"Now that we are set up, we are in awe of the power of your service." - Tanya B, Washington
"Starlink continues to exceed my expectations in every way" - Daniel S, Washington
Alternatives to Starlink
Starlink is by no means the first satellite-based internet service and is set to directly compete with several other companies.
Hughes Network Systems
Currently the most popular satellite internet provider in the US, HughesNet has over 1 million customers. The company operates a fleet of satellites at an altitude of 35,000km and offers download speeds of 25Mb/s and uploads of 3Mb/s. This is notably slower than Starlink’s beta speeds.
While HughesNet emphasises that it has no hard data limits; however, once you exceed your data plan, you will be capped at speeds of 1-3Mb/s. Starlink by comparison has no caps of any kind.
However, it is latency where Starlink comes into its own, due to its low Earth orbit. A study undertaken by PCMag found that Starlink’s latency was roughly 17x less than that of HughesNet.
However, HughesNet is significantly cheaper. The 20GB plan costs $69.99 per month, $30 cheaper than Starlink’s service.
British based OneWeb is one of few services also planning a low Earth orbit satellite constellation. Despite bankruptcy in March 2020, OneWeb secured funding from the British government and Bharti Global, amounting to $1bn, in November.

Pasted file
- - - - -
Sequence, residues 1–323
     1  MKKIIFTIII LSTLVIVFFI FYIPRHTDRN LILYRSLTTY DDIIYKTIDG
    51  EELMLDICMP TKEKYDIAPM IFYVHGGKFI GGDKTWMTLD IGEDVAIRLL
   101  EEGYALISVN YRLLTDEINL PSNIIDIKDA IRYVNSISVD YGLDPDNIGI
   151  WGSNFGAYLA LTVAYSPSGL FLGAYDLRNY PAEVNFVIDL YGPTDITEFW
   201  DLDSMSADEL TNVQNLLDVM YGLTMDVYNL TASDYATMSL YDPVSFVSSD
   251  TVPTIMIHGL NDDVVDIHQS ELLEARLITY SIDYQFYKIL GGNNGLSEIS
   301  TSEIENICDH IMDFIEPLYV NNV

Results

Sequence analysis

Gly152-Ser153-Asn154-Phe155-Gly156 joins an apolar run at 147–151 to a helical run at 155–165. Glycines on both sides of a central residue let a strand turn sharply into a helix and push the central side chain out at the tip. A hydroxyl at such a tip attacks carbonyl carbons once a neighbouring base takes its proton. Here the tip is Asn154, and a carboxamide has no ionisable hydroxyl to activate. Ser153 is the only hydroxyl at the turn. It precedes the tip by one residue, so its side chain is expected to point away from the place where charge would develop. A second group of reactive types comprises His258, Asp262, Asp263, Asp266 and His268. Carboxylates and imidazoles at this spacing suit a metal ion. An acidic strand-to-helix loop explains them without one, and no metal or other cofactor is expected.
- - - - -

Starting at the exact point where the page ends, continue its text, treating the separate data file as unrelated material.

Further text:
With plans to launch 648 satellites in their first phase, the company hopes to offer coverage to 95% of the globe. However, with an orbital altitude of 1,200km, the latency of their service is estimated to be roughly 1.5-3x higher than that of Starlink.
OneWeb is currently far behind Starlink, with just 110 satellites in orbit, roughly a tenth of SpaceX’s fleet. Due to their higher orbit, they face a far greater likelihood of adding to the already growing amounts of ‘space junk’ once they have completed their orbital life-spans.
After additional investments, including from HughesNet, OneWeb aims to have the first phase of their network complete by 2022.
While smaller in scale than Starlink, OneWeb represents the potential for direct competition with Starlink, perhaps paving the way for alternate service providers, which may help to drive down costs for users.
Can I Invest in Starlink?
As a project of SpaceX, which is not publicly traded, it is not currently possible to invest.
However, both Elon Musk and SpaceX President Gwynne Shotwell have made clear overtures that they plan to separate Starlink so that it can be traded. On 9th February 2021, Musk tweeted that:
“once we can predict cash flow reasonably well, Starlink will IPO [Initial Public Offering]”
The Wall Street Journal also revealed internal financial documents from SpaceX in 2017 which suggested that the company was expecting $30bn in revenue from Starlink by 2025.
Is Starlink really worth it?
Despite competition and technical challenges, Starlink appears to be poised to provide a revolutionary global service, offering high-speed broadband across the globe. The use of SpaceX’s reusable rockets is seeing 60 satellites put into orbit per mission, rapidly expanding the network’s size and capabilities.
The growth potential is huge, provided SpaceX successfully manages to scale up the network and reduce prices.
However, it is important to note that Starlink is not intended to replace existing ADSL, Fibre Optic, or Cable services, as it simply cannot compete in terms of speed or latency.
Instead, Starlink is aimed at connecting those without access to these services, a potential game-changer for remote areas and the developing world.